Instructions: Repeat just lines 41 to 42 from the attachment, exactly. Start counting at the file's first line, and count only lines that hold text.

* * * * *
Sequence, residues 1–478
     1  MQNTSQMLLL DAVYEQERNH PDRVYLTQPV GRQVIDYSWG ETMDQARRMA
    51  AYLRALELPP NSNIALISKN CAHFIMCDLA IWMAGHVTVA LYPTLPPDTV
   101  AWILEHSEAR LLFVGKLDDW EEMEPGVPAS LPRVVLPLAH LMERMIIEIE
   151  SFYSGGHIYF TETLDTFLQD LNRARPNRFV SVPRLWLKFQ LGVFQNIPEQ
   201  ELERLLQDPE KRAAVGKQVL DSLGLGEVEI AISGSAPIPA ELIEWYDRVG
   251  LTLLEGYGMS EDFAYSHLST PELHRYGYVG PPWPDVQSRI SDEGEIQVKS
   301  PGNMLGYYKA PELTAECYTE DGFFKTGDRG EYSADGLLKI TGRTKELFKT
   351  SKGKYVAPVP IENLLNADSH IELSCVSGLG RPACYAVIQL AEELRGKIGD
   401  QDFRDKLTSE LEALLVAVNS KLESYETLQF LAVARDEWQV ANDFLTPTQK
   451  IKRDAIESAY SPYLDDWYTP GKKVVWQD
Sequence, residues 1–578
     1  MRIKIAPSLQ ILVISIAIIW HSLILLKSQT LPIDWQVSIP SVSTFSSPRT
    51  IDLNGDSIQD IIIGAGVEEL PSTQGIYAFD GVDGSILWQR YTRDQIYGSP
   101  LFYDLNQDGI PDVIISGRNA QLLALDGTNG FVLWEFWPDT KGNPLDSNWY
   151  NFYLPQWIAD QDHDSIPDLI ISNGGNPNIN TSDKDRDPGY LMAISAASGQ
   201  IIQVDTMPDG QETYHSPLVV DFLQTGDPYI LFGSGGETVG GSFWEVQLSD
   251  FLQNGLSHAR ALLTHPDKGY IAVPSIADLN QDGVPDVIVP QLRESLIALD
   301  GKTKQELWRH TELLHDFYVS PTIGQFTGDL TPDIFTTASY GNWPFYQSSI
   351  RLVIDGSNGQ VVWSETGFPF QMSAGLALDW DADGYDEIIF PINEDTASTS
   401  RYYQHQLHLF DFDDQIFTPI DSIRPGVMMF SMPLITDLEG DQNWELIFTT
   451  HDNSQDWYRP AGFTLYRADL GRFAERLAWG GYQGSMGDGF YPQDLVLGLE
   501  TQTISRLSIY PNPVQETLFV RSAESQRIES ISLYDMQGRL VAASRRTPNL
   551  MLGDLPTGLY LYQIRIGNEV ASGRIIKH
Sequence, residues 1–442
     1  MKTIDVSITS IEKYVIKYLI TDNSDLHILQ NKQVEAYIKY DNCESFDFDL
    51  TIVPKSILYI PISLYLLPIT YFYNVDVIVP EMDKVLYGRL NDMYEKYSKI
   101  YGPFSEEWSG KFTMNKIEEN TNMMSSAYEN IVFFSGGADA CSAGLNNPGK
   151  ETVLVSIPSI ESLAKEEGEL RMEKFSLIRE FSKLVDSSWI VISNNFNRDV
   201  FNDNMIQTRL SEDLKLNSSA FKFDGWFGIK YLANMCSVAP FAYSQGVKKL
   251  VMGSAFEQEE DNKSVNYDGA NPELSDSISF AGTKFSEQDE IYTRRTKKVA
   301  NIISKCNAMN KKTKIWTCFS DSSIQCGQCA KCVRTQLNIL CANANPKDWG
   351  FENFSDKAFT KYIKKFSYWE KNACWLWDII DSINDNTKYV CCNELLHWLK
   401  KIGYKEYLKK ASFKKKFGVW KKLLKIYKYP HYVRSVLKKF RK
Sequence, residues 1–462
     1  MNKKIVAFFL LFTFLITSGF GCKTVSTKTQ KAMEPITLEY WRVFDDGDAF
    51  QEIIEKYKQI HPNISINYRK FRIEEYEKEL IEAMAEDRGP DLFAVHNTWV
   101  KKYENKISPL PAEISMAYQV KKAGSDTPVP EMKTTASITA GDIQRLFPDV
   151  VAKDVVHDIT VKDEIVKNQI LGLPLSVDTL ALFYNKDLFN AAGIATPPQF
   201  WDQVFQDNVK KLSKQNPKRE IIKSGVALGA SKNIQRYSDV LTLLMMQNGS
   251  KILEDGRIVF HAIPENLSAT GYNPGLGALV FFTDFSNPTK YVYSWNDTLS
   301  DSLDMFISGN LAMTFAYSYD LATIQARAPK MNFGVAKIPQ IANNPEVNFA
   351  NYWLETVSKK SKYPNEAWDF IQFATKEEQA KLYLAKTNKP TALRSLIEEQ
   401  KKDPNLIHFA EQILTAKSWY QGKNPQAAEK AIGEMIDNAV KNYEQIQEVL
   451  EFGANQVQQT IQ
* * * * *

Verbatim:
   251  KILEDGRIVF HAIPENLSAT GYNPGLGALV FFTDFSNPTK YVYSWNDTLS
   301  DSLDMFISGN LAMTFAYSYD LATIQARAPK MNFGVAKIPQ IANNPEVNFA